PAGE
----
Friday 25 November 2022

Elon Musk Says He’ll Make Public Internal Twitter Discussions About Decision To Censor Hunter Biden Laptop Story


The truth about Twitter’s censoring of the Hunter Biden laptop story is coming out.

Elon Musk responded to a tweet calling for all internal discussions about the censoring of the New York Post’s Hunter Biden story to be made public by saying “this is necessary to restore public trust.”

Musk had previously called the suspension of the account “incredibly inappropriate.” 

Twitter was a major player in censoring the Hunter Biden laptop story.

They suspended the New York Post’s Twitter account for tweeting out a link to the story showing possible shady business dealings with China and Ukraine involving the then-vice president.

Newsmax reported:

The Post in October 2020 reported that a laptop of then-presidential candidate Joe Biden’s son showed possible shady business dealings with China and Ukraine involving the then-vice president.

When the Post tweeted a link to the story, Twitter suspended its account, saying the story violated its rules against “hacked” materials. Facebook also limited sharing of the story.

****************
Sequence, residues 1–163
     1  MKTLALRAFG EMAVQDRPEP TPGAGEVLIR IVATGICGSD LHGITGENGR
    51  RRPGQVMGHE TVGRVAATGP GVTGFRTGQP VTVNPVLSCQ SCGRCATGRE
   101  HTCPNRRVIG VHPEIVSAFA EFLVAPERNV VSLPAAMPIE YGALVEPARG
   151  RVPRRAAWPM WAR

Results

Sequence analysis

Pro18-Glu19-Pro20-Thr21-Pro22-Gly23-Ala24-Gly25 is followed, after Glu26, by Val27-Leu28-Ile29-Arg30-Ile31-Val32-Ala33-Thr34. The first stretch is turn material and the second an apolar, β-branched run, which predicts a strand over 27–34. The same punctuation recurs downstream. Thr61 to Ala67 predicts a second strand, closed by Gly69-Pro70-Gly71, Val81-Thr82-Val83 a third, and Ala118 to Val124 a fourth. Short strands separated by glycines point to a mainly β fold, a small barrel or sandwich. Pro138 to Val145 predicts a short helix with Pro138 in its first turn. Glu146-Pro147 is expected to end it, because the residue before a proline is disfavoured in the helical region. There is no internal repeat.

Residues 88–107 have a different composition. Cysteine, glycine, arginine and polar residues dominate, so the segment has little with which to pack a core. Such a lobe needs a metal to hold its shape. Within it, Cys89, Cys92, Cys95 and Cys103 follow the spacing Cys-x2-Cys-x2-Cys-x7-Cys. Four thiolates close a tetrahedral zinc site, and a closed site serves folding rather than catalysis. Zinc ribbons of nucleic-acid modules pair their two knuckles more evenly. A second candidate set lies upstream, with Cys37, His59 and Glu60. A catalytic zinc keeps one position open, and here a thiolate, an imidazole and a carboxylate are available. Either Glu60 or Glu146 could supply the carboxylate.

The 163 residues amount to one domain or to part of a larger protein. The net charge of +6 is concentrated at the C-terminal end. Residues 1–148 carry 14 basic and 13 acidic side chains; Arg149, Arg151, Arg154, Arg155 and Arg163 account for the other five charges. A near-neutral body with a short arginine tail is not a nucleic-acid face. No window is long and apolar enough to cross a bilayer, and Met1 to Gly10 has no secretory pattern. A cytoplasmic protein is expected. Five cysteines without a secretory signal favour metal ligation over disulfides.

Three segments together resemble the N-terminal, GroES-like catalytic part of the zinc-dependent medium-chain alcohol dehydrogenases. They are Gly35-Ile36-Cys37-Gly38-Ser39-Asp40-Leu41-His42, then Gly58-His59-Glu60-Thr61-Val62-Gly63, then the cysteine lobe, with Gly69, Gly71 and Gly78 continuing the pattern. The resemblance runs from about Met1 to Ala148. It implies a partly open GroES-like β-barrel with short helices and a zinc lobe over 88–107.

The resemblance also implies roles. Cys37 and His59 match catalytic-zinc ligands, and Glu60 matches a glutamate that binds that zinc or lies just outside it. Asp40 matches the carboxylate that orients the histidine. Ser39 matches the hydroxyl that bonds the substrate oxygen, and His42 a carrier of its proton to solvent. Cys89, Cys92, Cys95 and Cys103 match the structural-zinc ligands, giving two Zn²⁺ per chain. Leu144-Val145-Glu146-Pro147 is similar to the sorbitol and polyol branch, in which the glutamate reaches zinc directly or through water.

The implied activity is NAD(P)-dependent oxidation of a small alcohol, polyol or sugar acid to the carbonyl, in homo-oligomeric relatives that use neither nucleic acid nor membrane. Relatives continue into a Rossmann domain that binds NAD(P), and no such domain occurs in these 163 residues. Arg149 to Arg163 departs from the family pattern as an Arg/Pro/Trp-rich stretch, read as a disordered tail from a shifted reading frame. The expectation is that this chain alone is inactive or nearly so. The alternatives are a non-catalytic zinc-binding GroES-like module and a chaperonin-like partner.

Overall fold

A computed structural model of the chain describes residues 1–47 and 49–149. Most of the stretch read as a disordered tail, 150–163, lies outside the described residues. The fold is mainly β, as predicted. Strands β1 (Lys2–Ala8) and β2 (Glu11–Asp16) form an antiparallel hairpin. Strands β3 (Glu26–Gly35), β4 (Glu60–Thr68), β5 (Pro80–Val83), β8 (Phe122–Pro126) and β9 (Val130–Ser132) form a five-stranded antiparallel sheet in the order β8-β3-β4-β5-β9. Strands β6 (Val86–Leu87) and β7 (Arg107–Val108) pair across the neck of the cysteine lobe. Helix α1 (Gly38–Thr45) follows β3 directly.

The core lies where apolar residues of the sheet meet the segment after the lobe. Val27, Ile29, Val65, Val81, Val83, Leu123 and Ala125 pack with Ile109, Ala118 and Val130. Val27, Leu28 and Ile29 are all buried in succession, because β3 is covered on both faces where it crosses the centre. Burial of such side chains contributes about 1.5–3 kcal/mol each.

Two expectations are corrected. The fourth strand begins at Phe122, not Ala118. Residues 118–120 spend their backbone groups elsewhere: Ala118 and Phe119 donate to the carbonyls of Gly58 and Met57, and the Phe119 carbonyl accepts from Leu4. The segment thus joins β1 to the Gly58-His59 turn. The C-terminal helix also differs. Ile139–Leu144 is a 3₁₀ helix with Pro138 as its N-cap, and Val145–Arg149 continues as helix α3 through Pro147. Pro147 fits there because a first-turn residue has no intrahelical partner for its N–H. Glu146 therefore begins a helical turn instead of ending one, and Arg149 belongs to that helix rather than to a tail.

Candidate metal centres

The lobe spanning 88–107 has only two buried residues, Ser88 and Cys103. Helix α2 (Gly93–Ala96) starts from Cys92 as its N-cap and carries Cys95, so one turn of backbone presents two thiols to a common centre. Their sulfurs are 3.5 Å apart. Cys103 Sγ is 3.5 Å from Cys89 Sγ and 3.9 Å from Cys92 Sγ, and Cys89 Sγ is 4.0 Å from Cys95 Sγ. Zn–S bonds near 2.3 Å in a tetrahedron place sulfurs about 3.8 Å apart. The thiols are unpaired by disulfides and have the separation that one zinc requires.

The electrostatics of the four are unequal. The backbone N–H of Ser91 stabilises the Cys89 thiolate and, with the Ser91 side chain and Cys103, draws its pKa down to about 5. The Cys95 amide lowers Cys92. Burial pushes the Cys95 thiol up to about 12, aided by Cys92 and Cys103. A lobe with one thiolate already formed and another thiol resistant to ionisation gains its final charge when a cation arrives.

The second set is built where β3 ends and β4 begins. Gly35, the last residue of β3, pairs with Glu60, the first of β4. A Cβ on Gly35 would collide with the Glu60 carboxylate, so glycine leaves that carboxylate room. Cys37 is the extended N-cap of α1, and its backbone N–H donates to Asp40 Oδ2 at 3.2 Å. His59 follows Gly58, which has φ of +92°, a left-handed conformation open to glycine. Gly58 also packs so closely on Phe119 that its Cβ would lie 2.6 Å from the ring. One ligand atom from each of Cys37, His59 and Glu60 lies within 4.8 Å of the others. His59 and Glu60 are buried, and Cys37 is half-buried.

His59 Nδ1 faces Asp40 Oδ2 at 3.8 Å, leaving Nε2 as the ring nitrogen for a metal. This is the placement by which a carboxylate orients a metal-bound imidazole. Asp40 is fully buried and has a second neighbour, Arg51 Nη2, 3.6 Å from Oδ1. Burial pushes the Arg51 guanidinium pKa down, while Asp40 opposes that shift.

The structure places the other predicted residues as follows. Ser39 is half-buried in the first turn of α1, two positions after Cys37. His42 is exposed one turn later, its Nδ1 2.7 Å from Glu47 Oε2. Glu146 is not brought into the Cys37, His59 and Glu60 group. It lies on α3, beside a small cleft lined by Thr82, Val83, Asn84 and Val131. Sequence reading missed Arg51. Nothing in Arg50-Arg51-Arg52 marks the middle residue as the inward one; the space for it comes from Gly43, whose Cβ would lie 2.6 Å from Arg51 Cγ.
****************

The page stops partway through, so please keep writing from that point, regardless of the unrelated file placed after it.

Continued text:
The day after Twitter blocked the Post’s stories, then-CEO Jack Dorsey posted that “straight blocking of URLs was wrong, and we updated our policy and enforcement to fix.”

Still, the Post’s account remained locked for weeks, with Twitter demanding the Hunter Biden laptop tweets be deleted.

Even then Twitter CEO Jack Dorsey was forced to admit that the suspension was a “total mistake.”

New York Post reported:

Twitter doesn’t have a “censoring department” that blocked The Post from tweeting last fall, CEO Jack Dorsey said Thursday — but he wouldn’t reveal who was responsible for the blunder.

At a congressional hearing on misinformation and social media, Dorsey said Twitter made a “total mistake” by barring users from sharing The Post’s bombshell October report about Hunter Biden’s emails.

Twitter also locked The Post out of its account for more than two weeks over baseless charges that the exposé used hacked information — a decision Dorsey chalked up to a “process error.”

“It was literally just a process error. This was not against them in any particular way,” Dorsey told the House Energy and Commerce Committee.

This is great news.

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